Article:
Several more studies have been published on the matter, all of which have come to the same general conclusion: people who suffer from cluster headaches, about 1 in 1,000 Americans according to one of the aforementioned studies, will do virtually anything to mitigate or avoid them and thusfar, psychedelics seem to be an effective way of doing that. Of course, because this is America and the vast majority of the country is still fighting Nixon’s drug war, people like Laetzsch face two equally unthinkable options: suffer through months of horrific pain year after year or take drugs and risk prison time.

Laetzsch is currently negotiating through plea deals and such but as it stands, due to his record, he could potentially face six and a half years in prison in a plea deal or go to trial later this Fall where the consequences could be far greater should the judge choose to convict him. Reasonable people can disagree on whether or not Damon Laetzsch is an upstanding member of the community. However, reasonable people cannot disagree that Laetzsch came home from the Army, got locked up for a personal amount of cannabis, and had his life derailed from that point on by the criminal justice system like so many others for something that 38 of 50 states have since legalized in some form or another. Cannabis aside, psychedelics like the ones Laetzsch was caught with are already being touted as miracle drugs by major pharmaceutical companies. Is it reasonable to say that maybe we should just cut the guy a break at this point in time? This humble journalist says fuck yes, please leave him alone and thank him for his service on your way out.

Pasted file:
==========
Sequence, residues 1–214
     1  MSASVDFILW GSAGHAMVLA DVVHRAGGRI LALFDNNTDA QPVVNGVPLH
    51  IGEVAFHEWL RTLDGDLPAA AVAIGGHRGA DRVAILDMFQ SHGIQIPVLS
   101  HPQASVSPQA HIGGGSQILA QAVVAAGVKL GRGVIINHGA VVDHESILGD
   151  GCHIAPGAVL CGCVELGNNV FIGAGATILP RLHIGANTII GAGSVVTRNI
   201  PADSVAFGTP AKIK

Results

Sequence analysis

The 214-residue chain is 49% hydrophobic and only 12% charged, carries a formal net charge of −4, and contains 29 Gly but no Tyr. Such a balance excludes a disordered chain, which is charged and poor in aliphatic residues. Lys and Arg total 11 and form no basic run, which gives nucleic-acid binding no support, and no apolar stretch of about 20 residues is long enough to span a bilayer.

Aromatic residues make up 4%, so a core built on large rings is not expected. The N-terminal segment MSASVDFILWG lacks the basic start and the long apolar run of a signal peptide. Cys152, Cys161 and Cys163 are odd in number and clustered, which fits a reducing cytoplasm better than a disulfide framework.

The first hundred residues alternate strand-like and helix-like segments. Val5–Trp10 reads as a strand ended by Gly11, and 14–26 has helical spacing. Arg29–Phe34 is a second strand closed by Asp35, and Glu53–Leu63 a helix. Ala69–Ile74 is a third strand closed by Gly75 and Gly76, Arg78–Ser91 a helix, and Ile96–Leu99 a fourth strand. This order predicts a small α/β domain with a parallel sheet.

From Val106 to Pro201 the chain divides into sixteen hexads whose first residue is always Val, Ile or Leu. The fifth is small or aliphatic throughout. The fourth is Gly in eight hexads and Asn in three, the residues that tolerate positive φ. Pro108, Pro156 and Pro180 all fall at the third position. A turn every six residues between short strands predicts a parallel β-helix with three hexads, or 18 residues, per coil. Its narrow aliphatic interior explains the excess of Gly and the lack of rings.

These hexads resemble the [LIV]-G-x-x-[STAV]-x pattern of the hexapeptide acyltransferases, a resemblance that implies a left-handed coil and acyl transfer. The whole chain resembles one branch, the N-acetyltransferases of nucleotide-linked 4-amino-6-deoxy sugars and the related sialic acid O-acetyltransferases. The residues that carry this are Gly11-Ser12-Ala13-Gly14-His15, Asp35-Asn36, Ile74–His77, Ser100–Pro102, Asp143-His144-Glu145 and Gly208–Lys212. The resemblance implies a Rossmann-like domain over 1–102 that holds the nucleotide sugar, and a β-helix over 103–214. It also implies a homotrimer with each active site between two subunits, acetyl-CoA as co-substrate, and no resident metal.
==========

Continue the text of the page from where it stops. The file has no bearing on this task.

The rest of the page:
Those sympathetic to this case who wish to advocate on behalf of Laetzsch can send letters to:

Alcock & Associates PC Attn: Vernon Lorenz
2. N Central Ave
26th Floor
Pheonix, AZ 85004